The Commerce Department yesterday proposed a set of new export regulations that will make it easier for many high-technology companies to ship their goods overseas in exchange for much heavier "self-policing" requirements.

The move is designed to improve the existing program of distribution licensing of exports -- special licensing that permits multiple shipments of strategically important technologies. The existing program had come under both Pentagon and industry criticism.

Pentagon officials said that they were not "actively consulted" in the preparation of the new regulations and that the Defense Department may seek to change the proposed rules if they don't meet certain national security criteria.

The new rules represent a major effort by Commerce to balance national security concerns about sensitive technology falling into the hands of the Soviet Union and complaints from the U.S. high-technology community that it was losing out to foreign competitors because of time-consuming export procedures.

More than $20 billion worth of goods are shipped each year under the program, according to Commerce.

"We're telling the companies that they will be assuming greater legal and program responsibility for export controls ," said William T. Archey, acting assistant secretary for trade administration. "It used to be that companies didn't have to do an internal audit on their export shipments, now they will.

"We think this package will withstand the scrutiny of both national security and the right of companies to export."

There is a 60-day comment period before the rules go into effect. Archey expects to begin implementing them in January.

The new export rules come nine months after a proposed rule change in January was greeted by widespread industry criticism, with more than 250 comments from individual companies and trade associations as well as foreign governments. Archey said in a press conference yesterday that many industry suggestions had been adopted in the new proposals.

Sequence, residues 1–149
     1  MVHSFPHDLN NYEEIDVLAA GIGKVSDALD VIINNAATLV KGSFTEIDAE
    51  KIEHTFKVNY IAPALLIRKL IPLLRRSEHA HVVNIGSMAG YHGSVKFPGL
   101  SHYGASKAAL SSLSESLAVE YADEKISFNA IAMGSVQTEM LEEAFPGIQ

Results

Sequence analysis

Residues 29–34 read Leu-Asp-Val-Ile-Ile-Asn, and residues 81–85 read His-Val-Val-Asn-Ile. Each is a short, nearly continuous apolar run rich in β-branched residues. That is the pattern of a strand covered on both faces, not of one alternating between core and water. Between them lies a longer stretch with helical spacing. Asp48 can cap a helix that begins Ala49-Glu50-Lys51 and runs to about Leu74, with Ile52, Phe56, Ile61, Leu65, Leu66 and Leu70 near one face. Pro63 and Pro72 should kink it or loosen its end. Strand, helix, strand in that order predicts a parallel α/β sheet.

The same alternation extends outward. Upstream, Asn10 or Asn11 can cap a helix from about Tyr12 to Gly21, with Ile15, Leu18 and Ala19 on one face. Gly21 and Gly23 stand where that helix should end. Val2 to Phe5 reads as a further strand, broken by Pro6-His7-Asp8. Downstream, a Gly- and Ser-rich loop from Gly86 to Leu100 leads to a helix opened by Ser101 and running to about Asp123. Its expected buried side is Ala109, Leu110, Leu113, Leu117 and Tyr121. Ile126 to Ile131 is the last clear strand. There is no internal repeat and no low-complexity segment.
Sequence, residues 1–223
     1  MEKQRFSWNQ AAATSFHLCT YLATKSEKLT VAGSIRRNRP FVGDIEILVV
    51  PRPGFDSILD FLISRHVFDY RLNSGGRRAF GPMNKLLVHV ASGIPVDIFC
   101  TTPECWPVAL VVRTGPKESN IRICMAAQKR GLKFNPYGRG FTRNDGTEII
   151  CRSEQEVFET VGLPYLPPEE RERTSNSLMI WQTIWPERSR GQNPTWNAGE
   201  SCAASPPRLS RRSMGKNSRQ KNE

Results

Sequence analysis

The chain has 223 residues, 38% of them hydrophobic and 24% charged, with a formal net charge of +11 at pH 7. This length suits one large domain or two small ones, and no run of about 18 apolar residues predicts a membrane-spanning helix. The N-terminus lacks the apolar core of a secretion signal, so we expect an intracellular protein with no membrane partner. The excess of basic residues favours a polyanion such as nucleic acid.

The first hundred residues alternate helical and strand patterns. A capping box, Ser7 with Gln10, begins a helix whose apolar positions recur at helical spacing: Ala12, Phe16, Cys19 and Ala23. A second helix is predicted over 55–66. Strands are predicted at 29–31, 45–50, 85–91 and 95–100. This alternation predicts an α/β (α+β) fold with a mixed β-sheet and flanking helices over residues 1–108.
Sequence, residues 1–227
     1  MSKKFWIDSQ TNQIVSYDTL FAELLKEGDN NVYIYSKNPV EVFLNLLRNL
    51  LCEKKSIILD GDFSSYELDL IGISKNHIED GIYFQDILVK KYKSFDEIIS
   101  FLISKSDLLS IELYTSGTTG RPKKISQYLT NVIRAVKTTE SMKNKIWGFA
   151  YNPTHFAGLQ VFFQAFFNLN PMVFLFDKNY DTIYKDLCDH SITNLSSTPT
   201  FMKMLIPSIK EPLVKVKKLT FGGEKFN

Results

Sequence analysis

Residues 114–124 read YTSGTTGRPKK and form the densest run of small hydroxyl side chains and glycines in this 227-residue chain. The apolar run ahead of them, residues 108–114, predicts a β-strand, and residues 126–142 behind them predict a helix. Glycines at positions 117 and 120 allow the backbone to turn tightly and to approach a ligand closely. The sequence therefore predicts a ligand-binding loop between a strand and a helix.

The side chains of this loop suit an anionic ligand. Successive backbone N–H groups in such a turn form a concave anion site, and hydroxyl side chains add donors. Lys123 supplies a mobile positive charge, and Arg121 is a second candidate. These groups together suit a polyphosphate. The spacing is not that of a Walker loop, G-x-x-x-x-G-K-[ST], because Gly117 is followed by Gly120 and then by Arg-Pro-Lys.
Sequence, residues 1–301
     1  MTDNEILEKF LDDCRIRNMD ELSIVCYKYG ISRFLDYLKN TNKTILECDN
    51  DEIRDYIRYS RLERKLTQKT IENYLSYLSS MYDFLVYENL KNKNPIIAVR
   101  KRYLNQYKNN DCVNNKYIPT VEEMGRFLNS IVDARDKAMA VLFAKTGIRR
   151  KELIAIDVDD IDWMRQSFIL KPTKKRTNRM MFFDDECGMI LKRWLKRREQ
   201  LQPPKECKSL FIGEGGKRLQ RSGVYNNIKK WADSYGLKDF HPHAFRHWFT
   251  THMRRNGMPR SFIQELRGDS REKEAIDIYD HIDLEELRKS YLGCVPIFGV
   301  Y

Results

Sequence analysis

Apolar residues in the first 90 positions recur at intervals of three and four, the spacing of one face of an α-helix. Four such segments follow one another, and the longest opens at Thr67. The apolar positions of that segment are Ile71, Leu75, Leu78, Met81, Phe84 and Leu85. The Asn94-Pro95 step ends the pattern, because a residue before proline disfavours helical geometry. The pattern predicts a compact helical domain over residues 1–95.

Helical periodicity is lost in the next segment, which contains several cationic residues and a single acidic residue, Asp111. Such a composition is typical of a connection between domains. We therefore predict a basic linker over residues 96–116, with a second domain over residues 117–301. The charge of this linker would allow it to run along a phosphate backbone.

Specifically, Commerce will no longer insist that companies "certify" that their customers will not re-export the goods without U.S. permission. Moreover, Commerce has backed down from its initial demand that foreign consignees of U.S. goods provide customer lists to the department.

"That was perhaps the most controversial item of all," Archey said. Trade attorneys point out that, in addition to problems of legal extraterritoriality, there was no way that foreign distributors would give the names of their customers to U.S. companies that might use the list as a basis for direct marketing efforts.

Commerce also has changed its eligibility requirements for distribution licenses that stress an individual company's internal control procedures rather than quantitative measures such as number of items to be shipped.

The new rules require companies to create internal mechanisms to monitor their export practices, enabling Commerce to audit just how well those practices are followed. To enforce the rules, Commerce is widening the number of penalties it can impose on violators. The department also is expanding the number of people in the distribution licensing program from one to 18 this year; another 10 will be added next year. More than half will be conducting "export audits" to determine whether companies are complying with the new regulations.